What Is “Grammar and Usage”?

Lately people have been visiting this site looking for the answer to this question:

"What is the difference between grammar and usage?"

Here is my answer: Grammar has to do with the correct placement of words in a sentence. Usage involves using the proper word.

These are grammatical errors:

Me and Joe rode home together.

There’s many ways to publish a book.

In the first example, we need a subject pronoun, I, as the subject of the sentence. It would be perfectly fine to say "Joe gave me a ride home" (object pronoun). But if we rode home together, Joe and I rode home (subject pronouns).

In the second error, we need the plural verb are–not is–to agree with the plural subject, ways. However, if there were only one way to publish a book, there’s (there is) would be correct.

Those errors have to do with the grammatical role the words play in the sentence.

Below are errors in usage–a word is used incorrectly:

What is your principle reason for applying? (Principle is used incorrectly. The proper word is principal.)

Please insure that Mr. Mohammed arrives safely. (Insure is used incorrectly. The proper word is ensure.)

No doubt there are much more elaborate explanations for the difference between grammar and usage. This brief one works for me. I hope it helps.

Lynn
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Other search spellings: grammer, gramar, differince, diference, explination

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Lynn Gaertner-Johnston has helped thousands of employees and managers improve their business writing skills and confidence through her company, Syntax Training. In her corporate training career of more than 20 years, she has worked with executives, engineers, scientists, sales staff, and many other professionals, helping them get their messages across with clarity and tact. A gifted teacher, Lynn has led writing classes at more than 100 companies and organizations such as MasterCard, Microsoft, Boeing, Nintendo, REI, AARP, Ledcor, and Kaiser Permanente. Near her home in Seattle, Washington, she has taught managerial communications in the MBA programs of the University of Washington and UW Bothell. She has created a communications course, Business Writing That Builds Relationships, and provides the curriculum at no cost to college instructors. A recognized expert in business writing etiquette, Lynn has been quoted in "The Wall Street Journal," "The Atlantic," "Vanity Fair," and other media. Lynn sharpened her business writing skills at the University of Notre Dame, where she earned a master's degree in communication, and at Bradley University, with a bachelor's degree in English. She grew up in suburban Chicago, Illinois.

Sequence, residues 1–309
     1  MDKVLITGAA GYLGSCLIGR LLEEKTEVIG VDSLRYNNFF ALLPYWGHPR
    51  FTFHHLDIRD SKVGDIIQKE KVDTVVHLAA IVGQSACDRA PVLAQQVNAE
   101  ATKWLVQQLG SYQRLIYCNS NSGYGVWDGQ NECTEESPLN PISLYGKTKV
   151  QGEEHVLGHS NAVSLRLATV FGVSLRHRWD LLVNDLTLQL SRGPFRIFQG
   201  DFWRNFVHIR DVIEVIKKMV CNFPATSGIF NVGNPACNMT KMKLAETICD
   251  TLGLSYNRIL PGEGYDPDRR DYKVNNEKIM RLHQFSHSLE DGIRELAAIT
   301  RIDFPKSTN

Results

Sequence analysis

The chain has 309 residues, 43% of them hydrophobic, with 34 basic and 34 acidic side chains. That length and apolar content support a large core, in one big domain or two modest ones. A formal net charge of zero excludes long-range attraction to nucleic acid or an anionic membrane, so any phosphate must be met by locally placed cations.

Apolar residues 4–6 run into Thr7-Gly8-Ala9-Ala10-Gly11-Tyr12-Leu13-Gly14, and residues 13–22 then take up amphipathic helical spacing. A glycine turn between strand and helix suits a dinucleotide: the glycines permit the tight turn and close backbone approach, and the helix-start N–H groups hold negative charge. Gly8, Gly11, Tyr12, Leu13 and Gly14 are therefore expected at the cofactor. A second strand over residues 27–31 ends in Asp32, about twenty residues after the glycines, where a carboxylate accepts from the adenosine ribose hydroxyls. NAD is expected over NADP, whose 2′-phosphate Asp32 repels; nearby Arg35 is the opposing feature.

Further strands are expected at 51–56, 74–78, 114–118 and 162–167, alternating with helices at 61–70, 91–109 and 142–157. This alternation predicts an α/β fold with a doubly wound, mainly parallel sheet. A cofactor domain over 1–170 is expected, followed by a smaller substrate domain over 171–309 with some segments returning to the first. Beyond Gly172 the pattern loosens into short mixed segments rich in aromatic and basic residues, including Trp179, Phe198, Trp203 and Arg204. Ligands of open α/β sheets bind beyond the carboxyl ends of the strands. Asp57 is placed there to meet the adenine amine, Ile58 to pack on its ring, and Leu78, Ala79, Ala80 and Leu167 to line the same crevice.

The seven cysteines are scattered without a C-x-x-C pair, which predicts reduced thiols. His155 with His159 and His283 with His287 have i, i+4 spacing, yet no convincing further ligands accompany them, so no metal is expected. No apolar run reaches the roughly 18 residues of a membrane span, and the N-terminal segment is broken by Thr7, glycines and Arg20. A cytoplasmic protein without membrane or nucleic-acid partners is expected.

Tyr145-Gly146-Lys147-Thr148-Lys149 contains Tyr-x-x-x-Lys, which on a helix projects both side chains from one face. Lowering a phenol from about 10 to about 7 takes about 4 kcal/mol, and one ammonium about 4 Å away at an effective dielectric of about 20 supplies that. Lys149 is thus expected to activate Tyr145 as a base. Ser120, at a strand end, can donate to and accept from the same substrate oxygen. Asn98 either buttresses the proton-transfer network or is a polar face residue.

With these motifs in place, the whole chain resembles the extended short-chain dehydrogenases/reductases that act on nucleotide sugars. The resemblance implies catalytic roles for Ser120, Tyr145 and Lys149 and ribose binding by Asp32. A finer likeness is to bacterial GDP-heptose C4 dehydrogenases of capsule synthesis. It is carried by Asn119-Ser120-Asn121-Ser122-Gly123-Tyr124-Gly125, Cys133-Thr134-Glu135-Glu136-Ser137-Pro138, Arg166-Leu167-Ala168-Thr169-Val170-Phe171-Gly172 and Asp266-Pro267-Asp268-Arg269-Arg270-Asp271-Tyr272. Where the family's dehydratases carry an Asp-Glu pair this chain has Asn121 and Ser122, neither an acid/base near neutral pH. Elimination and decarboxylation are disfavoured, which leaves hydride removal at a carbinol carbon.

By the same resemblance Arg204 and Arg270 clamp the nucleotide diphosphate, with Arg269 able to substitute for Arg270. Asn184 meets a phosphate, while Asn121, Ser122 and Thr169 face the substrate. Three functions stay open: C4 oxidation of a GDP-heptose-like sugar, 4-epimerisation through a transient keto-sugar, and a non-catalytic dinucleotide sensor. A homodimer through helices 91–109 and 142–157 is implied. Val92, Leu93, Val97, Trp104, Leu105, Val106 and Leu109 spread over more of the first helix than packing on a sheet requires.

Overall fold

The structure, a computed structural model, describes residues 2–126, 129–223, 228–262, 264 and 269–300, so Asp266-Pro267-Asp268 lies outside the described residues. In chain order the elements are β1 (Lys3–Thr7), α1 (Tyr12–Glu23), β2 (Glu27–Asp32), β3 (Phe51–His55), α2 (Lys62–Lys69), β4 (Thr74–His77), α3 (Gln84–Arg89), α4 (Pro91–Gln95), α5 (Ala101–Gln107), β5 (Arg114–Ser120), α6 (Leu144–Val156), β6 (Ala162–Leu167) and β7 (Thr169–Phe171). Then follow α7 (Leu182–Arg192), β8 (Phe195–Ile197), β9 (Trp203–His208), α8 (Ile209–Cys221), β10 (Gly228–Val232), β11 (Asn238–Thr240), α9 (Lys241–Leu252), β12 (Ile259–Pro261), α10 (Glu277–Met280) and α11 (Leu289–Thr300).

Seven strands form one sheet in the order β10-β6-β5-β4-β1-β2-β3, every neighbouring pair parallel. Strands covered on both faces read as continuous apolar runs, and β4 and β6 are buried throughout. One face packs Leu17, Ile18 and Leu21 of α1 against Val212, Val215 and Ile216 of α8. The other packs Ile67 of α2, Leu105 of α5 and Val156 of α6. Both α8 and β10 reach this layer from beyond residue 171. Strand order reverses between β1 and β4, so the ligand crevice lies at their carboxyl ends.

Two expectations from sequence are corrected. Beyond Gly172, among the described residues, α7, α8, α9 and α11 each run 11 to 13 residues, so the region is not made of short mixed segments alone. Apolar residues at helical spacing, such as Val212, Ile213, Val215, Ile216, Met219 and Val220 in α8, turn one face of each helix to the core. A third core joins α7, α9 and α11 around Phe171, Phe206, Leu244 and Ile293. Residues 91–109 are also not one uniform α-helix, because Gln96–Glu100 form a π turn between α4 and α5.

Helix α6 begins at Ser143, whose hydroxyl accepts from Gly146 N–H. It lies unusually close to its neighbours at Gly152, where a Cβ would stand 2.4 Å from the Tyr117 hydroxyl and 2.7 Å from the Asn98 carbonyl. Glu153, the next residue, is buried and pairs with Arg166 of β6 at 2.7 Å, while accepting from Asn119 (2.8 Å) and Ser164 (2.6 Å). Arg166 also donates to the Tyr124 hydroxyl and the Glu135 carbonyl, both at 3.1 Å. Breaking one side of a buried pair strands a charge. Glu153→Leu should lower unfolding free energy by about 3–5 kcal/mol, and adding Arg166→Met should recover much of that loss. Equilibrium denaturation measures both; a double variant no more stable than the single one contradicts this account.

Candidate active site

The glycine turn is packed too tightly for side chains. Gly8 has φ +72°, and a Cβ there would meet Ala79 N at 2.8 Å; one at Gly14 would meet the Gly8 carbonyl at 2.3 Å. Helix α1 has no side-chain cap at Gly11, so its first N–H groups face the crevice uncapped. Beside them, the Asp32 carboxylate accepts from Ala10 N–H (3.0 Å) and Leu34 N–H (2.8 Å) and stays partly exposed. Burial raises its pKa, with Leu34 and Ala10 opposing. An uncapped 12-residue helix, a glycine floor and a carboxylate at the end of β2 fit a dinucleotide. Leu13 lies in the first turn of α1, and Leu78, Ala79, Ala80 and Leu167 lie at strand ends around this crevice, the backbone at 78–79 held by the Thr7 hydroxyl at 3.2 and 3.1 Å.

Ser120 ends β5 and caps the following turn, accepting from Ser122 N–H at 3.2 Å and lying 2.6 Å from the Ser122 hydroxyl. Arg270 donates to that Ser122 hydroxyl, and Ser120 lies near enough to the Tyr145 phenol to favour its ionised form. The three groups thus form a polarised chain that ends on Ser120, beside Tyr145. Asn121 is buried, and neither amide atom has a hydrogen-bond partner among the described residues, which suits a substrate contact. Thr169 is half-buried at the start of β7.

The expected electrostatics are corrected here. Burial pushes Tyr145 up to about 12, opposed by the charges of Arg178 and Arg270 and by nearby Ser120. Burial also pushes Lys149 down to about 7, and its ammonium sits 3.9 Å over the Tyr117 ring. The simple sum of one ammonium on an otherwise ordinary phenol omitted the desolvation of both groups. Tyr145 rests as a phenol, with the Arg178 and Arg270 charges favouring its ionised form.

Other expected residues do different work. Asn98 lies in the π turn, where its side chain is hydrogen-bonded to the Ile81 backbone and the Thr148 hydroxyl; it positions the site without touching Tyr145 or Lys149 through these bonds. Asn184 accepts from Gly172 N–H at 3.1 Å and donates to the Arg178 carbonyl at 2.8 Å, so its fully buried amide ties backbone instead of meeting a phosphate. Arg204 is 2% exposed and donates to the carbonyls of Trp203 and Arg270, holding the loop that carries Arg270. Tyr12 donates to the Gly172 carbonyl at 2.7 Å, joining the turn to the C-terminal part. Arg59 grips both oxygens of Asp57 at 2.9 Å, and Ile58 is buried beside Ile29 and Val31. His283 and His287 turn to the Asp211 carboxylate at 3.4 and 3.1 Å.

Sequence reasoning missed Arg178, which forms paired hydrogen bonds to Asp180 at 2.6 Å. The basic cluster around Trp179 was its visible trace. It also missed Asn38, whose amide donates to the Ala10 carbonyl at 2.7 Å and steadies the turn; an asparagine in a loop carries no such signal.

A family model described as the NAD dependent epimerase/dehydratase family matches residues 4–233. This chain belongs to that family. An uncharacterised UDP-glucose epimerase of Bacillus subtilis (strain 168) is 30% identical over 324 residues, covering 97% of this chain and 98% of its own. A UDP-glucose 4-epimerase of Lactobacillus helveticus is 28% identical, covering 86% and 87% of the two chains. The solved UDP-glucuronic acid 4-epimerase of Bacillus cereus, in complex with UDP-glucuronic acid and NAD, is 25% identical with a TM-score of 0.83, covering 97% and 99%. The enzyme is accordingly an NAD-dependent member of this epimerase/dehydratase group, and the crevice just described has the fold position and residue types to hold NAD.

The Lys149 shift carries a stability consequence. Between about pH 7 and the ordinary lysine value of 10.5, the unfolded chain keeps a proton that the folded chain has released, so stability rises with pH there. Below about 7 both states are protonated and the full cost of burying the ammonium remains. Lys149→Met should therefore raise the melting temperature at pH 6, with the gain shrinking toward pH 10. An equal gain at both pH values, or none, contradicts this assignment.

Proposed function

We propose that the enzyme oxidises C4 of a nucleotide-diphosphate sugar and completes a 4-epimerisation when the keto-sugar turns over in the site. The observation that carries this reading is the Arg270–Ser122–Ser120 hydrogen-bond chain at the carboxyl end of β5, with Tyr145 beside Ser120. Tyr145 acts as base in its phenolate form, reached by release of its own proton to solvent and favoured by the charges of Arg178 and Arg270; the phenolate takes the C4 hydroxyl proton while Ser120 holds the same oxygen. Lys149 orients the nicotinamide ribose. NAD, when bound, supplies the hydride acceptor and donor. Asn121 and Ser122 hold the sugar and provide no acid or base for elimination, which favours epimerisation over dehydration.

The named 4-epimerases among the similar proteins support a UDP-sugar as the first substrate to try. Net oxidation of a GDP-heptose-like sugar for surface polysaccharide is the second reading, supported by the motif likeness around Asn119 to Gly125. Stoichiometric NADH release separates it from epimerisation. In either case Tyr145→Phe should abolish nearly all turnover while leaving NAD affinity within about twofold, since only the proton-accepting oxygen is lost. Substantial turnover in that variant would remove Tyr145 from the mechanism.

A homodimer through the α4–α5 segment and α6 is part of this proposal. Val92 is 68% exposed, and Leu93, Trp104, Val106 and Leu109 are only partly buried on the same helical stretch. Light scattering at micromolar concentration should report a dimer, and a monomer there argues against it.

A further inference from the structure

2 COMMENTS

  1. In the second error, we need the plural verb are–not is–to agree with the plural subject, ways. However, if there were only one way to publish a book, there’s (there is) would be correct.

    why not say… However, if there was only one way to publish…why use were?

  2. Laura, I’m glad you asked. We use “were” to show that something is contrary to fact. In grammar terms, this is called the “subjunctive form” of the verb. Are you familiar with the musical “Fiddler on the Roof”? In it, the father sings “If I Were a Rich Man.” The verb “were” shows that he is not a rich man. In contrast, if he sang “If I Was a Rich Man,” the word “was” would indicate a past time.

    I continue to follow this rule of using “were” to show that something is contrary to fact, but I believe fewer and fewer people are observing it. That means it is likely to disappear.

    I hope that helps. You have given me the idea to write a post on this topic. Stay tuned!

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